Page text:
OBJECTIVE: We aimed to investigate the effect of oral magnesium supplementation for acute low back pain.
METHODS: This is a three-arm, prospective randomized open label clinical trial, which included two hundred and forty patients. We based our sample size calculation assumptions on a recently published clinical trial, thus we enrolled 80 patients for each group. NSAID alone group included (400 mg etodolac twice a day), NSAID + mg group included NSAID - magnesium combination treatment (400 mg etodolac twice a day with 365 mg oral magnesium supplementation) and NSAID + paracetamol group included NSAID - paracetamol combination treatment (400 mg etodolac twice a day with 500 mg paracetamol twice a day). Follow-up visits after initiation of relevant treatment were performed at 4th and 10th days and outcome measures included pain (Visual analogue scale - VAS), mobility of lumbar spine and functional outcome (RMDQ).
RESULTS: Thirty-one patients were considered lost to follow-up or excluded due to use of other medications and final analysis was performed with 209 participants in three groups (71 patients in NSAID alone group, 68 patients in NSAID + mg group and 70 patients in NSAID + paracetamol group). NSAID + mg showed a significantly higher improvement in RMDQ and VAS scores at acute stage (at 4th day visit) compared to two other study groups However, there was no significant difference between three groups in terms of mean improvement of RMDQ, VAS scores and lumbar mobility between initial visit and 10-day.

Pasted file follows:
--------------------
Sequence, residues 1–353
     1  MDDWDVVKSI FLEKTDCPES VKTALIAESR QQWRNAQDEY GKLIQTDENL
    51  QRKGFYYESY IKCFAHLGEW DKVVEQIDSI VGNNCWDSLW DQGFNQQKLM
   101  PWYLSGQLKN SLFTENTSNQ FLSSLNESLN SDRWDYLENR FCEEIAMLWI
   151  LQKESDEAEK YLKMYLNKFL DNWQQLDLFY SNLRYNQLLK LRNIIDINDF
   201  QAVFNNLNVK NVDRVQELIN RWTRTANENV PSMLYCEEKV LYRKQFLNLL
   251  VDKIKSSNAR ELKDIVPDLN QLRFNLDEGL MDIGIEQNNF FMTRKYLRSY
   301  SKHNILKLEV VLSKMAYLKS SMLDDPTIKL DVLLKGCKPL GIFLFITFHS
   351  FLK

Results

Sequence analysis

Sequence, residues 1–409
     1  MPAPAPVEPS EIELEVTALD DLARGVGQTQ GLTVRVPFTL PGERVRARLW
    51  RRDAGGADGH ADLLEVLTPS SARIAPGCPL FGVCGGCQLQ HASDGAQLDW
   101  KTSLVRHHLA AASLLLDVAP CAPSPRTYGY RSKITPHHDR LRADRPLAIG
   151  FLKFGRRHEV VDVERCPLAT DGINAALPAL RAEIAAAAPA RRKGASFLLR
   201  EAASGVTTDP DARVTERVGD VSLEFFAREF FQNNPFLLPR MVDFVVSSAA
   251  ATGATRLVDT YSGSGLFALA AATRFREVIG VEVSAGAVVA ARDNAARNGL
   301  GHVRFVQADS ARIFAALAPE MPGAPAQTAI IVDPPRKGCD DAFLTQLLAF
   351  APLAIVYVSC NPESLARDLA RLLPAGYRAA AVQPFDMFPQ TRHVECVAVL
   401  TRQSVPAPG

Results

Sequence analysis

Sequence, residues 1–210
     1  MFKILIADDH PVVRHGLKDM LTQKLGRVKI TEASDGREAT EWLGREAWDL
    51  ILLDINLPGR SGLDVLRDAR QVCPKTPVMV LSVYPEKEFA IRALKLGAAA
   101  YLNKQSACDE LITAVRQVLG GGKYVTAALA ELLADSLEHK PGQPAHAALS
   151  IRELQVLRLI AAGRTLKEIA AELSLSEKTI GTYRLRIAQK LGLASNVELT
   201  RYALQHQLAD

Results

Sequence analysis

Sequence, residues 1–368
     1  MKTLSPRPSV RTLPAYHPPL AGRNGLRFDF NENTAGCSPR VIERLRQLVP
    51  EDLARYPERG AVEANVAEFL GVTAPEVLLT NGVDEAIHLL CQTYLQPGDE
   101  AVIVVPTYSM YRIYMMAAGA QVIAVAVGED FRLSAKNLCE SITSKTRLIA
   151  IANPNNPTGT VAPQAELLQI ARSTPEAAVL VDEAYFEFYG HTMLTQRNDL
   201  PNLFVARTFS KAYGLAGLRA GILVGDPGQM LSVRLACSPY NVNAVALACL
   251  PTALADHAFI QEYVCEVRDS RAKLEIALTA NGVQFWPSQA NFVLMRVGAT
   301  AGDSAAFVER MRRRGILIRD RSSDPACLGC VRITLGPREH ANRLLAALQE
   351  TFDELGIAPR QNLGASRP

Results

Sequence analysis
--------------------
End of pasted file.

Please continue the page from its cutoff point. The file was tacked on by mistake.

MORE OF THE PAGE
CONCLUSION: Results of this study suggest that addition of magnesium to acute low-back pain treatment does not significantly improve final clinical outcomes.
LEVEL OF EVIDENCE: Level I, prospective randomized controlled study.
Too many lost to follow-up, which weakens the power calculation.
This prospective RCT evaluated etodolac 400 mg (an NSAID) vs NSAID with magnesium 365 mg vs NSAID with paracetamol 500 mg using visual analogue scale (VAS) and mobility of lumbar spine and functional outcome (RMDQ). he authors excluded patients who received IV or IM analgesia during the treatment period. There was improvement at 4 days in VAS and RMDQ scores for patients receiving NSAID with Mg, but no difference between groups at 10 days. The study was unblinded, and authors did not assess other analgesic drugs for low back pain at the time of enrollment. Further study is needed evaluating magnesium for acute pain.
The minimum clinically important improvement of 5 points on the RMDQ and the difference was only 2.7 between NSAID alone and NSAID and magnesium. However, there was a trend. I agree with the authors that more research is needed.